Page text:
Saturday, January 3, 2015
STRONG SE’ly gusting over 30kts
Two boats arrive, the first a sleek pilot house 50’er with several guys on board, anchors quite close alongside me, and I have to listen to his generator running for hours in the afternoon, and a second smaller boat about my size anchors further out in line with him. Bit odd! All that beach to anchor off! He/they must have had quite a trip in! All day the winds have been fierce, steady 25kts gusting 33 often..youch! But its better to have some company, and not a good idea to be anchored alone.
Spent most of the day downloading weather, but no breaks showing for the next 3 days, with a big HIGH to the north, deepening LOW and a storm developing over central America giving squeezed isobars in between, its easterly with a touch of south at 20kts (25kts here). There are gale warnings for Gulf of Mexico, Central America and N Atlantic! Right decision to stay here awhile I think, just hope its not too much longer. Some swell coming in from both ends of the island but not too bad.
Sunday, January 4, 2015 DAY 5.
Wind eases to 20-25kts SE by E Sunny with some heavy looking rain showers to the north going past.
9.00 The 50’er motored out and set sail heavily reefed. They are in for a very hard day! Bruce van Sant would not approve. I am certainly not going anywhere with big winds and seas. The other guy is still here. Then at 1030 the other smaller yacht set off under full genoa only, heading west. No problem with that, downwind all the way. I could do THAT!
Monday, January 5, 2015 AN ABORTED ATTEMPT EAST
Woke at 0230, went up on deck and on an impulse – the wind having abated to around 10kts – and after consulting the weather charts, thought it worth a try to have a go at sailing! Up anchor at 0300 under a brilliant full moon, and gently motor-sailed with just a small genoa past BIRD ROCK LIGHTHOUSE (that doesn’t. Should be renamed DARKHOUSE). Turned the corner and we’re in 30-33kts and building seas. Ok, I’ve learnt my lesson. Back to the anchorage.
The situation is that there’s a series of cold fronts coming down from N America, and a very strong high to the northeast which is giving some heavy winds. I’m hoping to have another go Wednesday sometime, as the effect of a front arriving is to oppose the tradewind.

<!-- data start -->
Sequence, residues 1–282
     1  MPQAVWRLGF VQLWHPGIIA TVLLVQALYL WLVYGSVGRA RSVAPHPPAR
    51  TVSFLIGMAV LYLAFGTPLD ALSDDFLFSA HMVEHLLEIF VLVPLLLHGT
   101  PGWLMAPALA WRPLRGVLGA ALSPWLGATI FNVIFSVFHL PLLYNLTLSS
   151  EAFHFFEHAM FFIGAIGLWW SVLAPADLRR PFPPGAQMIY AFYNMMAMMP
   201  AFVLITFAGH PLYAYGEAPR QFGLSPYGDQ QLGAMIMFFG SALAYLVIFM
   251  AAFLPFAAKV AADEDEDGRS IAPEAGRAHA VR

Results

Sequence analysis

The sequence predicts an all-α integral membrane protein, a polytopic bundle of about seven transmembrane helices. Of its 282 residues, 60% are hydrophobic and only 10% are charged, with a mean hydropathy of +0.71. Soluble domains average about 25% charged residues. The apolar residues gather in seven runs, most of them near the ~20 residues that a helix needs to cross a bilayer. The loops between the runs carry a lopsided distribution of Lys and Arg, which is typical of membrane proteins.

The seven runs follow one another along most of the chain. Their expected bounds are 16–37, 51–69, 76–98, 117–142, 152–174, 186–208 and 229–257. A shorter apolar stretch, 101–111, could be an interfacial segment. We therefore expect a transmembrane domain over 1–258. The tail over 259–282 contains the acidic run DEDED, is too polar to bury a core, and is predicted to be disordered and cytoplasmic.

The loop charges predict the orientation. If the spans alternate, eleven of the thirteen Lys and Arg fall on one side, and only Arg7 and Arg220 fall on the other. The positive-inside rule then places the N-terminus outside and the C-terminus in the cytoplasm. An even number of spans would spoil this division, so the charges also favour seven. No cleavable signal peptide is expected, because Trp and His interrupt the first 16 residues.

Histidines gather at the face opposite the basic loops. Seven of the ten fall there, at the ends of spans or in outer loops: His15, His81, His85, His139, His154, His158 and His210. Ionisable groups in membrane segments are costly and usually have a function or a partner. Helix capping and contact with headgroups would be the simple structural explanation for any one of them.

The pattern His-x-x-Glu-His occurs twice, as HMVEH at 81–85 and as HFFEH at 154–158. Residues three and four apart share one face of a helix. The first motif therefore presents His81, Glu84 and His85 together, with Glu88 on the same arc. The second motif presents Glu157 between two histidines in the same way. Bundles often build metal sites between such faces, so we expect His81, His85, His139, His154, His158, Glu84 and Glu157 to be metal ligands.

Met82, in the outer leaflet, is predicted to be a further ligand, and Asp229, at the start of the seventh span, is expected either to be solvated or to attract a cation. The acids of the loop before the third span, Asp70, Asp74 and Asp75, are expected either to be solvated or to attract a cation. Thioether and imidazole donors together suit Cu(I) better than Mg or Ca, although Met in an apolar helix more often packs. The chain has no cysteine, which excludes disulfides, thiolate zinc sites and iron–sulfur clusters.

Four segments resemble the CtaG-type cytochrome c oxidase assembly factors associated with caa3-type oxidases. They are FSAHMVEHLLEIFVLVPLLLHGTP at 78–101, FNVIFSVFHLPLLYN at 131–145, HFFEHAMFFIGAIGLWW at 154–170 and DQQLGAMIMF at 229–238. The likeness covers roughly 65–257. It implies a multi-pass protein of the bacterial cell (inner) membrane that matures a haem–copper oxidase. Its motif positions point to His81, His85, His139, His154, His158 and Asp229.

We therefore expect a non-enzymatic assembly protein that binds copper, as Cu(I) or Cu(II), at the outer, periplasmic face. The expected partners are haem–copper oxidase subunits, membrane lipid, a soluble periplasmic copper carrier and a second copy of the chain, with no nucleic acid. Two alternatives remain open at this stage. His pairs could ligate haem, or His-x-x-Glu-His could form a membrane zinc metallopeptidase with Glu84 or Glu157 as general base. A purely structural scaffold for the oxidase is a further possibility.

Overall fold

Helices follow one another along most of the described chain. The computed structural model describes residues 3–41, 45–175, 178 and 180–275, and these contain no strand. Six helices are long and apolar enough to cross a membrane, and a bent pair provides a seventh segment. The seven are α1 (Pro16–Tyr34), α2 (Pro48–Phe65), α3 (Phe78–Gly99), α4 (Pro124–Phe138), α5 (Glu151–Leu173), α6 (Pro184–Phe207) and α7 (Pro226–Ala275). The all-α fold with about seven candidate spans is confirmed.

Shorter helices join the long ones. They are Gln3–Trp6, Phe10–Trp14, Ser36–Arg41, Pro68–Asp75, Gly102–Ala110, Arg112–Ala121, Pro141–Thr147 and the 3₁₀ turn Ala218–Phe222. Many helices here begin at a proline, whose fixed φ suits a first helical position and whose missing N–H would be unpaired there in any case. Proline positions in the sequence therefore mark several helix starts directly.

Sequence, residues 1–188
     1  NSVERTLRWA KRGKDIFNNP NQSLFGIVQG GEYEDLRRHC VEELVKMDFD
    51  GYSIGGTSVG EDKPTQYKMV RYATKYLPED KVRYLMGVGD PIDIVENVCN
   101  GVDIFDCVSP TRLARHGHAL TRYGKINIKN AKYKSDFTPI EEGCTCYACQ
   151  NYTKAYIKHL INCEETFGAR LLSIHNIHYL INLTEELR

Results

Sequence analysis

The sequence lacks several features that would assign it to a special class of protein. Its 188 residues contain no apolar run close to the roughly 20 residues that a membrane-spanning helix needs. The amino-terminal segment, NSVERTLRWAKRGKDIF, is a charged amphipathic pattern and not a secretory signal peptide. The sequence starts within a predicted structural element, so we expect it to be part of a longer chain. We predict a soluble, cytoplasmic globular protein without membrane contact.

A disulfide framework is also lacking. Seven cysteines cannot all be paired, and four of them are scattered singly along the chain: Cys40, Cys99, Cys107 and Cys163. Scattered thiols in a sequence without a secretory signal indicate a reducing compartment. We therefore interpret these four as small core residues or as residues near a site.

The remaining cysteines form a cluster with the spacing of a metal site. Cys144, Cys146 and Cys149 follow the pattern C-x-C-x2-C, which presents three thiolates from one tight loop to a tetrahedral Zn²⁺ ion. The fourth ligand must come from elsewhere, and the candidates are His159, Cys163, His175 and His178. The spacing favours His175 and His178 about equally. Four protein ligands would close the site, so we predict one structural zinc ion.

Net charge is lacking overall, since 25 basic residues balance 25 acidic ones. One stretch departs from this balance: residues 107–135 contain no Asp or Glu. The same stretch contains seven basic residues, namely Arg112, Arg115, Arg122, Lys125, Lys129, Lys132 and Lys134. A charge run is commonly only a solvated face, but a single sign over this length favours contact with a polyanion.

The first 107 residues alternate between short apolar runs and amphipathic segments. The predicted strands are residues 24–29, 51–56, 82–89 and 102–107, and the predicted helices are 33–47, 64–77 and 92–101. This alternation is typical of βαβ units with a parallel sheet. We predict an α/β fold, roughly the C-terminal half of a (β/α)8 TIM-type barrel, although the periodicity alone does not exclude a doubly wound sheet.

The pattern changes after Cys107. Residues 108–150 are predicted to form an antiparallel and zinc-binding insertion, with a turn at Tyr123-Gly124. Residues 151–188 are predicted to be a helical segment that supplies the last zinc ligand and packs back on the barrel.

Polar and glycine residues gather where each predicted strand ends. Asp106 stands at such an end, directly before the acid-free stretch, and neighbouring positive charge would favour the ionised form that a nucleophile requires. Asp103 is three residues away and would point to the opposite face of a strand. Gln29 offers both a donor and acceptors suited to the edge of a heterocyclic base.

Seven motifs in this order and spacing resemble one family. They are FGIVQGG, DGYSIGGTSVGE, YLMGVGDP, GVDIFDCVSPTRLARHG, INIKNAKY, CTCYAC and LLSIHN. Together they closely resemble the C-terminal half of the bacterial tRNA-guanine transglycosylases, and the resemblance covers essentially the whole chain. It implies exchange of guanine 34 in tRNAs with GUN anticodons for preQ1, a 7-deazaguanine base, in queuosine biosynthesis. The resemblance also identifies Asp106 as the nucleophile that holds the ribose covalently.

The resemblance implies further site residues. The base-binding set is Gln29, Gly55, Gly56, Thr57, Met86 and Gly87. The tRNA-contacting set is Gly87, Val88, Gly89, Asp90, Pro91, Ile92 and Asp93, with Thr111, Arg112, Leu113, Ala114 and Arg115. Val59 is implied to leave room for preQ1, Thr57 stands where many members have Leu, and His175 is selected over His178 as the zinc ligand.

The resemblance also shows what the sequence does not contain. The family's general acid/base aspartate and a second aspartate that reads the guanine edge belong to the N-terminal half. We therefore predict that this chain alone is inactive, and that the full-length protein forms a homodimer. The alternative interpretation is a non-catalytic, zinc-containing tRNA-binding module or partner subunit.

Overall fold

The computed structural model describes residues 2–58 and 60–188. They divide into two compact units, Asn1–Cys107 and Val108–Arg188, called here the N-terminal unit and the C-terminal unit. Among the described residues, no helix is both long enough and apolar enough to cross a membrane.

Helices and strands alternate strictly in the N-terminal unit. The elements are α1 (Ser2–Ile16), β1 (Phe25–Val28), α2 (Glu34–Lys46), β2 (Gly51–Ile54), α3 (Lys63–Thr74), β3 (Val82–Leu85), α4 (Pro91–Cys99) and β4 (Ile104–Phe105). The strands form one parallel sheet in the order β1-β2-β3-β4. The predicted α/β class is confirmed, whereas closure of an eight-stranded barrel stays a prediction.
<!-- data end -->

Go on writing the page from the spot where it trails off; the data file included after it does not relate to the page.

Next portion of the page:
Tuesday, January 6, 2015
DAMP START, Rain showers, EAST’LY 30DEG WATER AND AIR!
Up a bit late at 8 so missed Chris Parker’s –the Caribbean Weather Guru - forecast, but listened to what follows – a question answering session lasting an hour. Most are from Yanks waiting to cross the Gulf Stream, and very few from folk down this way, so not a lot of use today.
THE TARGET SINGLE SIDEBAND (SSB) RADIO RECEIVER
For the non-techies and girls, you can skip this bit…!
Bought this receive-only radio just before coming out from UK, as they only seem to sell the full blown and very much more expensive transceivers in Florida – albeit at a much better price than in UK. But I didn’t want the transmitter bit until I’d got some experience of just how useful this radio might be, the reason for that being the difference in price mainly, 120 quid for the receiver against 4500 quid at UK prices for the full monty. Added to that would be the extra workload of installation of the tuner, ground connection usually requiring a through-hull fitting, and a real problem for me – setting up a suitable aerial. This usually consists quite simply of wiring up the backstay of your boat to the tuner, but because there are some nasty currents going through the aerial when transmitting you don’t want anyone touching it, so an insulator is inserted in the backstay so that a) you can’t touch the live aerial, and b) because you want the antenna to be a certain length (ish) and not connected to the whole boat!